European Journal of Epidemiology

, Volume 28, Issue 5, pp 427–432 | Cite as

Offspring preterm birth and birth size are related to long-term risk of maternal diabetes

  • Klara Vinsand Naver
  • Niels Jørgen Secher
  • Per Glud Ovesen
  • Anders Gorst-Rasmussen
  • Søren Lundbye-Christensen
  • Lisbeth Nilas


The aim of the study is to investigate the association between gestational age, birth size, and the long-term risk of maternal diabetes. We conducted a nation-wide prospective follow-up study of the cohort of all Danish women with a singleton delivery in 1982/1983 (index delivery) and no history of diabetes (n = 100,669). Registries were used to extract information on patients with a hospital or outpatient diagnosis of diabetes, subsequent deliveries, and death/emigration in the period from the index delivery until the end of 2006. The association between the maternal risk of diabetes and the index gestational age and index offspring birth size (birth weight adjusted for gestational age) was investigated by using Cox proportional hazards regression models stratified according to young (≤33 years) and old age (>33 years). During a median follow-up period of 24 years, 2,021 women (2.0 %) were diagnosed as having diabetes. The risk of maternal diabetes was positively associated with increasing index birth size and negatively associated with increasing duration of index gestation in both age strata. Among young women, the highest hazard ratios were found for the exposure category of large index offspring birth size (adjusted HR 9.0, 95 % CI 6.17–13.12) and a preterm delivery at 32–37 weeks (adjusted HR 2.22, 95 % CI 1.46–3.40). Offspring preterm birth and large size for gestational age at birth are associated with increased risk of maternal diabetes.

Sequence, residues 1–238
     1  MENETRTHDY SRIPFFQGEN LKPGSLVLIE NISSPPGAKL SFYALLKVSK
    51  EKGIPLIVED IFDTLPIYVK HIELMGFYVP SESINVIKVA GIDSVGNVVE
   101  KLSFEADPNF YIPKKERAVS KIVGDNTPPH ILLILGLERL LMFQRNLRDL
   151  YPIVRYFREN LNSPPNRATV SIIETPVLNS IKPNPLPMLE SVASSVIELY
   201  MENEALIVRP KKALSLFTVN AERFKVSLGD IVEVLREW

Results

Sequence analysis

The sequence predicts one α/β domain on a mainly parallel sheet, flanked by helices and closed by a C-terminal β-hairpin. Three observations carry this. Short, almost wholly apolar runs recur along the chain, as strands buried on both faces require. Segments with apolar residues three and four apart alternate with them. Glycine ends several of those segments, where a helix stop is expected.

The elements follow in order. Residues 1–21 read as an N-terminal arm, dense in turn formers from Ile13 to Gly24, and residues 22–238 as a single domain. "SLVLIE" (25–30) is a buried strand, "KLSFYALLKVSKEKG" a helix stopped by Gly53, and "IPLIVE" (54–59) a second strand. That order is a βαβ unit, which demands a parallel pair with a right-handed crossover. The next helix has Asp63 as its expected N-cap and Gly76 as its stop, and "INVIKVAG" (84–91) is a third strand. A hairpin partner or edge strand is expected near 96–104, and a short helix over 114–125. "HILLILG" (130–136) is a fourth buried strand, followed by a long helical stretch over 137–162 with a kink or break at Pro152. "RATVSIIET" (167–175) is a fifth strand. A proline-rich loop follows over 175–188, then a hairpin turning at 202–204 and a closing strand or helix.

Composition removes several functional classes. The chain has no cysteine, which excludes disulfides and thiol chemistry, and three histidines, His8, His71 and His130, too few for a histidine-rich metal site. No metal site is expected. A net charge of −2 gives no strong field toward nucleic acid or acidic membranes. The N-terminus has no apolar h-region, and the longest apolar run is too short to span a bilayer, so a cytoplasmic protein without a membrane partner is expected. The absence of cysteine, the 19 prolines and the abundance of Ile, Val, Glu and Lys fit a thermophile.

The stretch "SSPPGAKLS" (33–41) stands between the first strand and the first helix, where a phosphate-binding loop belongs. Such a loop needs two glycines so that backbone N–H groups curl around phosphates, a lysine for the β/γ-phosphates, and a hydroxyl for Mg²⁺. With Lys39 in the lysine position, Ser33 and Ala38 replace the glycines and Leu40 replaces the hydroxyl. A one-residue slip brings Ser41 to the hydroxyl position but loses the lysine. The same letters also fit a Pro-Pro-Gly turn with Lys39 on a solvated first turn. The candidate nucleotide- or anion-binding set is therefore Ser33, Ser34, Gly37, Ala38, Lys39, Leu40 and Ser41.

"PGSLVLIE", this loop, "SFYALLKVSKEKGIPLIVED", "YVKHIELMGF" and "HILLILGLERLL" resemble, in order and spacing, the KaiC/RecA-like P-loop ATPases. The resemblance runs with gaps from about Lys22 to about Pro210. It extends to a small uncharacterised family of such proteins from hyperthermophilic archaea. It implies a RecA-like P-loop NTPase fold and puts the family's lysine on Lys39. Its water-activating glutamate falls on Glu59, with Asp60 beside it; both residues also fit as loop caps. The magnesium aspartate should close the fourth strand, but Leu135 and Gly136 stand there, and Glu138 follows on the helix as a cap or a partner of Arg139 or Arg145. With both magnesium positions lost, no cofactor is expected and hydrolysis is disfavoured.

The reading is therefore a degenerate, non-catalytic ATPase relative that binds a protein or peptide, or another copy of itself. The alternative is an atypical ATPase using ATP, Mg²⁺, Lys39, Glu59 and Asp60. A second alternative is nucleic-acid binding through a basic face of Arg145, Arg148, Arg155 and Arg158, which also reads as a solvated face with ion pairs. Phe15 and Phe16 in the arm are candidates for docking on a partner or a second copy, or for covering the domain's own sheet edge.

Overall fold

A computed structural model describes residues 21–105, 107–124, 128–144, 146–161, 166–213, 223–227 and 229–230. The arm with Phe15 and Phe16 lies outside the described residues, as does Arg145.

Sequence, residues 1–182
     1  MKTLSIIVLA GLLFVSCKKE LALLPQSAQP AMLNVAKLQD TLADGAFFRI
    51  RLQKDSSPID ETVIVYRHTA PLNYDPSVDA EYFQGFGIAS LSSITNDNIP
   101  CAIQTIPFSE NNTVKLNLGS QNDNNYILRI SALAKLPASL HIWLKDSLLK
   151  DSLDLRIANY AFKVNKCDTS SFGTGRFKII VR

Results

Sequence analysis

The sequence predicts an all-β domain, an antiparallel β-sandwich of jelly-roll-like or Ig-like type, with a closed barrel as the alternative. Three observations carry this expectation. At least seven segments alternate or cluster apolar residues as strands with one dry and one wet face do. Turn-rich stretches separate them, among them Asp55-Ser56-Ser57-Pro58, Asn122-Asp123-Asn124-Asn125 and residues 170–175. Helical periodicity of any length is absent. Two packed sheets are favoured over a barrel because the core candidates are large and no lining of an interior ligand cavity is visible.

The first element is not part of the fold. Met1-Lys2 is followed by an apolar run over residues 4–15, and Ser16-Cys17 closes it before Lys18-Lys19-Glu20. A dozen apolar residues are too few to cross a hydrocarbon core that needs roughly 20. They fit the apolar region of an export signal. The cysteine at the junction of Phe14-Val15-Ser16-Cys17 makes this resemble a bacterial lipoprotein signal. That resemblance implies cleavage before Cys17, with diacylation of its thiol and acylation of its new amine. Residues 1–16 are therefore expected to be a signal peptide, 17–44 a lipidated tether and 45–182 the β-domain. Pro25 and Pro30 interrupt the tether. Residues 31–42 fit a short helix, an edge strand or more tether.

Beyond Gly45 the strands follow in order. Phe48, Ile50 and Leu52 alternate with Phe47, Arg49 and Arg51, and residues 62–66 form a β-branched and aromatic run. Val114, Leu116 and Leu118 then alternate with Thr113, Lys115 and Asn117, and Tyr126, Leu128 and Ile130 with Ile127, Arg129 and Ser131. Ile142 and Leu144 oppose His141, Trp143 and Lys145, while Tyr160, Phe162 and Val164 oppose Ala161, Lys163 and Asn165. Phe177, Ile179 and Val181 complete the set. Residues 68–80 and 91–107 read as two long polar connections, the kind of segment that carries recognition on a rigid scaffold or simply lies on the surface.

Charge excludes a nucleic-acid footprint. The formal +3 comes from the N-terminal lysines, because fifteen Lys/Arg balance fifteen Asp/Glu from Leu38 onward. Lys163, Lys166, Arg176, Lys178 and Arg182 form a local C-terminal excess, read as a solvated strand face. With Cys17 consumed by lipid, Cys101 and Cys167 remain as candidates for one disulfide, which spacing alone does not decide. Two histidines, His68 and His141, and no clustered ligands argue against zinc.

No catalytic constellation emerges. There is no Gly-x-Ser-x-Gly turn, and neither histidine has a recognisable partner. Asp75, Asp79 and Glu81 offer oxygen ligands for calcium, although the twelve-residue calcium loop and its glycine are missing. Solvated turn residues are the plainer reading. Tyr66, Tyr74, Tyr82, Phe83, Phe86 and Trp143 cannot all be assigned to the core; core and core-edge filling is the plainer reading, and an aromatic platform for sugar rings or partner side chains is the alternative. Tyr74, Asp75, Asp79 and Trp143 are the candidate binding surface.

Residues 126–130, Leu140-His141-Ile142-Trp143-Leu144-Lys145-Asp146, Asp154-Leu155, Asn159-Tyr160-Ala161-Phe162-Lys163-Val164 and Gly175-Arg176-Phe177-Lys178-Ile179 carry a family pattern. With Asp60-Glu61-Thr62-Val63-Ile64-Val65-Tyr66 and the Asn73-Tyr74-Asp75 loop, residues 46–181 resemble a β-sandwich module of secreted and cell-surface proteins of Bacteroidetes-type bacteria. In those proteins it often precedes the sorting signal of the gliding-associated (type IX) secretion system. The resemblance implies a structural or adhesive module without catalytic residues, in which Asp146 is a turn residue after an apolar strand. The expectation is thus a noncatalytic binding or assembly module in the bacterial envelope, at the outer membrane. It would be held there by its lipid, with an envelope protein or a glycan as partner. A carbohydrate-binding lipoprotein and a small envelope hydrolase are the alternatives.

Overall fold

Offspring preterm birth Birth size Diabetes Cohort study Large-for-gestational-age 


Conflict of interest

The authors declare no conflict of interest.


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Copyright information

© Springer Science+Business Media Dordrecht 2013

Authors and Affiliations

  • Klara Vinsand Naver
    • 1
  • Niels Jørgen Secher
    • 2
  • Per Glud Ovesen
    • 3
  • Anders Gorst-Rasmussen
    • 4
  • Søren Lundbye-Christensen
    • 4
  • Lisbeth Nilas
    • 1
  1. 1.Department of Obstetrics and Gynaecology, Hvidovre HospitalCopenhagen UniversityHvidovreDenmark
  2. 2.The Research Unit Women’s and Children’s Health, The Juliane Marie CentreCopenhagen University Hospital, RigshospitaletCopenhagenDenmark
  3. 3.Department of Obstetrics and GynaecologyAarhus University HospitalSkejby, Aarhus NDenmark
  4. 4.Department of Cardiology, Centre for Cardiovascular Research, Aalborg HospitalAarhus University HospitalAalborgDenmark

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